The district court found that Hall easily met her burden of proving that her protected speech was a motivating factor in her dismissal. The court noted that Foil's initial interest in Hall arose after the publication of her first letter to the editor. In response to Hall's letters, Foil wrote memoranda to the Board about "putting a lid on our current gadfly," and noted that "[m]aybe enough rope will allow our gadfly to suspend herself in an awkward position. Hopefully, it will be an uncomfortable one." (J.A. at 722.) Foil had Legette continuously monitor Hall's actions, and his memoranda to the Board frequently included the results of Legette's observations. In addition, Foil took out the "Remember This" ad in the local paper, which he printed after Hall's additional letters to the editor. The district court found the ad menacing and unquestionably threatening to Hall when it stated, "[i]f you must vilify, condemn and eternally disparage .... you are loosening the tendrils that are holding you to that institution, and at the first high wind that comes along, you will be uprooted and blown away." The district court found that Foil's responses were the direct result of Hall's protected speech and evidenced Foil's intent to have her fired because of her criticisms of him and the Board. The district court further found that the Board's unwillingness to reprimand Foil for the "Remember This" ad, and its response to Ronald Hall that the ad was not intimidating, evidenced the tremendous influence Foil had over the Board and the Board's willingness to condone Foil's behavior.

45

Furthermore, the district court pointed to Foil's unsuccessful scheme to hire a photographer with public funds to take a picture of Hall accepting her award in Washington, D.C. The court determined that this tactic was a continuing part of Foil's plan, motivated by Hall's exercise of her First Amendment rights, to obtain an ostensibly legitimate reason to fire Hall. The court also noted that, because Foil continuously apprised the Board of his activities through numerous memoranda, the Board was fully aware of, and condoned his actions. Therefore, the court concluded that Hall had clearly shown that her protected speech was a motivating factor in her dismissal, both because of Foil's retaliatory conduct and his influence over the Board.

46

Because the district court found that Hall had satisfied her burden of production, it proceeded to the second factual question: whether the District had shown by a preponderance of the evidence that it would have terminated Hall absent her protected speech. The district court held that the District "utterly failed" in its burden, concluding that the District would not have fired Hall "but for" her protected speech. The District now challenges that determination as clearly erroneous. The District contends that the foremost reason Hall was fired was her disrespectful and disruptive behavior, which caused twenty of her twenty-five fellow teachers to petition for her transfer. The District also notes Hall's disrespectful attitude toward Legette through memoranda and at faculty meetings, her numerous absences, and her frequent visitors from outside the school.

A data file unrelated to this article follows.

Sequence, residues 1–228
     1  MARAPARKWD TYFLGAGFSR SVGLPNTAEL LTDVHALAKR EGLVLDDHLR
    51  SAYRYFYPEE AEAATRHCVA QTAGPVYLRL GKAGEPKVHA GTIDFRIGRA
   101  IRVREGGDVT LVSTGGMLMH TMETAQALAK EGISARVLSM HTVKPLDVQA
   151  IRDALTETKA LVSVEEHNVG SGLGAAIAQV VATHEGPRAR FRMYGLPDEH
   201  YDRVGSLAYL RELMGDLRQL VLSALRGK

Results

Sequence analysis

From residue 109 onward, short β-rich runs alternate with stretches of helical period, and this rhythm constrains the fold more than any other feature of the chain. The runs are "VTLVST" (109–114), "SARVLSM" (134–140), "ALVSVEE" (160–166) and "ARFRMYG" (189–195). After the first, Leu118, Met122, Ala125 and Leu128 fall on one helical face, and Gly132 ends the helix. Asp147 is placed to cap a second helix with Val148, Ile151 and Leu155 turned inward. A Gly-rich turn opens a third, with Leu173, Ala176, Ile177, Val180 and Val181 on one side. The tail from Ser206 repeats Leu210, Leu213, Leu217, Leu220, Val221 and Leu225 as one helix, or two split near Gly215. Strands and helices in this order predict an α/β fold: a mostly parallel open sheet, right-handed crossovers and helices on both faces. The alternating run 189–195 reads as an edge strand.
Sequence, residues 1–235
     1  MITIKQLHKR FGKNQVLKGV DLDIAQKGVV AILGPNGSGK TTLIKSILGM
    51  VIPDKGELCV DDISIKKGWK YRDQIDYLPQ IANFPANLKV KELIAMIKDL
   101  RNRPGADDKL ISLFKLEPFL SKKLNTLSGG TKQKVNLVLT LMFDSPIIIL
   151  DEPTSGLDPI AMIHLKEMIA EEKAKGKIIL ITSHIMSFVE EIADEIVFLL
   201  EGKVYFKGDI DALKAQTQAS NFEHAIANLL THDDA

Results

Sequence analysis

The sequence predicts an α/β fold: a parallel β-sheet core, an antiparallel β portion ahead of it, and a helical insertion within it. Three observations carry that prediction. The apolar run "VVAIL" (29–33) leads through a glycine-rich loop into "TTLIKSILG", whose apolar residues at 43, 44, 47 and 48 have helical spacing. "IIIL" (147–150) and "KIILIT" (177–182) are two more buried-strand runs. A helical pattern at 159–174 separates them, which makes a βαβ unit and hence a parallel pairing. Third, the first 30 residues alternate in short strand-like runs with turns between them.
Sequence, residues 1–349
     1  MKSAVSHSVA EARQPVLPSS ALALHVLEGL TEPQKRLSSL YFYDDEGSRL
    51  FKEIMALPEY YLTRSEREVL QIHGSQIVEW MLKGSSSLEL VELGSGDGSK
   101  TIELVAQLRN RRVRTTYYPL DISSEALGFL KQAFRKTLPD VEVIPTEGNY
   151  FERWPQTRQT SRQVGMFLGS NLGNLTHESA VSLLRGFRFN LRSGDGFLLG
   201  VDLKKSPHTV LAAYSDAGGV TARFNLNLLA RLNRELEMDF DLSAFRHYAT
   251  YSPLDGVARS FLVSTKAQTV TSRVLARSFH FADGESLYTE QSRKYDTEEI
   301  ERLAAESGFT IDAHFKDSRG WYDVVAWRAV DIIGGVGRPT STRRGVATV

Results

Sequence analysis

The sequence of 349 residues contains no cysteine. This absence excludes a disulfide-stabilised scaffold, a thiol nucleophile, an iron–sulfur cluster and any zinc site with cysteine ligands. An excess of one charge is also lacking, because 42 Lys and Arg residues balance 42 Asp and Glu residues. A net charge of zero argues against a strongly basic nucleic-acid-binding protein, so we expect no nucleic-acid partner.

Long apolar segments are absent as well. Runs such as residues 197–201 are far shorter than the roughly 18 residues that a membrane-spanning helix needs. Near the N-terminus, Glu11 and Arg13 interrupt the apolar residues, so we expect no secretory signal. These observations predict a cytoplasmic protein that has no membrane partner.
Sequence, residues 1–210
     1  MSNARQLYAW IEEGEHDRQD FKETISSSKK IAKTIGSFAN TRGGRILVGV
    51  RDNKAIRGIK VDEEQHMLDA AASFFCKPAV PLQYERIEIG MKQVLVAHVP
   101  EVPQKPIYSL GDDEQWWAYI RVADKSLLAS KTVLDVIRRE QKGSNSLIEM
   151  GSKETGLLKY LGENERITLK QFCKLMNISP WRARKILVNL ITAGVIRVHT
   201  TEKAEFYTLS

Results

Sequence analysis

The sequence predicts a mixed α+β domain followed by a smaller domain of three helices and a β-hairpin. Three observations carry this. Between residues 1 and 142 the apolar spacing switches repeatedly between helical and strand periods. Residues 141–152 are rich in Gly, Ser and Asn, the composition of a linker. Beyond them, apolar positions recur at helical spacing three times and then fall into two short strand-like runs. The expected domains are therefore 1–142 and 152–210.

47

Although the District persuasively argues that Hall was not beloved by her fellow teachers and that there may have been legitimate grievances against her, we do not agree that the district court's findings are clearly erroneous. The clearly erroneous standard does not entitle a reviewing court to reverse the finder of fact simply because it may have decided the case differently. Anderson v. Bessemer City, 470 U.S. 564, 573, 105 S.Ct. 1504, 1511, 84 L.Ed.2d 518 (1985). " 'In applying the clearly erroneous standard to the findings of a district court sitting without a jury, appellate courts must constantly have in mind that their function is not to decide factual issues de novo.' " Id. (quoting Zenith Radio Corp. v. Hazeltine Research, Inc., 395 U.S. 100, 123, 89 S.Ct. 1562, 1576, 23 L.Ed.2d 129 (1969)). Indeed, if the district court's conclusions are plausible when viewing the evidence in its entirety, the court of appeals may not reverse even if it would have weighed the evidence differently had it been the trier of fact. Anderson, 470 U.S. at 574, 105 S.Ct. at 1511-12. Moreover, we must afford the district court's findings great weight in this case, because the factual determinations are largely based on witness credibility. See Martin v. Deiriggi, 985 F.2d 129, 136 (4th Cir.1992).